Targ and colleagues at California Pacific Medical Center in San Francisco published a double-blind study in the Western Journal of Medicine that rocketed her to fame in the field of complementary and alternative medicine: Forty healers around the U.S. were recruited to pray for the health of patients with advanced AIDS. The prayed-for group had significantly fewer opportunistic illnesses than the control group, and Targ instantly became the poster child for a fledgling new field exploring prayer and healing. “Elisabeth is our hero,” wrote Mitchell Krucoff, a Duke University Medical Center cardiologist who has pioneered complementary therapies in patients with heart disease.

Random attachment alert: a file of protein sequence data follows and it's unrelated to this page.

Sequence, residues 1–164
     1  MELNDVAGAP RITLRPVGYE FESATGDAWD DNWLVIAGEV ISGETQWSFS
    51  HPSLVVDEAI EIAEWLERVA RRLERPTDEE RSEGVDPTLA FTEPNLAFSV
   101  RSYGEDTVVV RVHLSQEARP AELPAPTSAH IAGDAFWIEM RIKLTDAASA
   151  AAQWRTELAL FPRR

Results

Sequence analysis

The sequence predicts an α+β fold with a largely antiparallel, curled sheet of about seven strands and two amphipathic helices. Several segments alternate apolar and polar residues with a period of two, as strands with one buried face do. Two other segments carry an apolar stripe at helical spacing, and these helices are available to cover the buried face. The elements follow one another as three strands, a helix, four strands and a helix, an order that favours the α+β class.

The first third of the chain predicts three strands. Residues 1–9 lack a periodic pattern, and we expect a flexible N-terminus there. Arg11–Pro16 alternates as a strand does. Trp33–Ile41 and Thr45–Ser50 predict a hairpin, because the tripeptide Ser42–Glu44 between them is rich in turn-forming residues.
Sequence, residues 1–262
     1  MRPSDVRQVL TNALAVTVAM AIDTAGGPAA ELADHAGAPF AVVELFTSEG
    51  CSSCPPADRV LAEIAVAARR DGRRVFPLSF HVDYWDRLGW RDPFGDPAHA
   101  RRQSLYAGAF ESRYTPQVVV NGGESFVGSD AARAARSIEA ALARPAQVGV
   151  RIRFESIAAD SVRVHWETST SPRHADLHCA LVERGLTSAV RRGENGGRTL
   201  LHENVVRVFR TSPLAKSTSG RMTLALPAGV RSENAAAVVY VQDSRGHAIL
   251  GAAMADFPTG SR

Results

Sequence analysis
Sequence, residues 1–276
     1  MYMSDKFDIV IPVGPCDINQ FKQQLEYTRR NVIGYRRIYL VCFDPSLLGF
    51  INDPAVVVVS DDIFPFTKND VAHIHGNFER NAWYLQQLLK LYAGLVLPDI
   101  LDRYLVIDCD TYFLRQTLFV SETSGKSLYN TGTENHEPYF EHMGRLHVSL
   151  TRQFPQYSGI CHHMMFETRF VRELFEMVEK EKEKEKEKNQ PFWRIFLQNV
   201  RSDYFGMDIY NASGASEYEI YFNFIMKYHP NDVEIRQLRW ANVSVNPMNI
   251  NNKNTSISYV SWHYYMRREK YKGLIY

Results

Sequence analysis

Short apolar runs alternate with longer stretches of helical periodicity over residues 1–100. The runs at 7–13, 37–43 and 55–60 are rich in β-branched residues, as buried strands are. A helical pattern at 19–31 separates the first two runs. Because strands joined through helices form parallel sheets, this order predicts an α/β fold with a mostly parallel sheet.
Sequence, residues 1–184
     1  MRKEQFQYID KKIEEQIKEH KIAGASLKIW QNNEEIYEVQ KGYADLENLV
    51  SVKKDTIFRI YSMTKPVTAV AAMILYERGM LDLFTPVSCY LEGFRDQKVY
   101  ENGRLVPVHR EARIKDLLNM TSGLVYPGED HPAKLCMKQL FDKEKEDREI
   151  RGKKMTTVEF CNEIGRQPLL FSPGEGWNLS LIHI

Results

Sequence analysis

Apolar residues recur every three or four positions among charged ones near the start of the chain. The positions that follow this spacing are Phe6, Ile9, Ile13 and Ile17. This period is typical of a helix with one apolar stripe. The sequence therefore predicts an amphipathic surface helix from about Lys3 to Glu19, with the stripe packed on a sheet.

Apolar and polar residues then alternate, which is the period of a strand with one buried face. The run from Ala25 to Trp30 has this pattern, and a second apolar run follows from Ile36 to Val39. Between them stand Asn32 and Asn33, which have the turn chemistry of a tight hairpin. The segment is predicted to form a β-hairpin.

Two months later, Targ, who was 40, began fertility treatments: she and her fiance, physicist Mark Comings, wanted a family. That spring, however, she began finding it difficult to pronounce words with the letter “b,” and one morning the left side of her face sagged. A high-resolution MRI revealed that she was suffering from a rapidly growing grade 4 glioblastoma multiforme brain tumor. Word of the horrific diagnosis spread, and healers began calling, visiting and praying from a distance—in a truly eerie echo of her newly funded study. But they could not save her. Targ died at 11:11 p.m., 111 days after her diagnosis.
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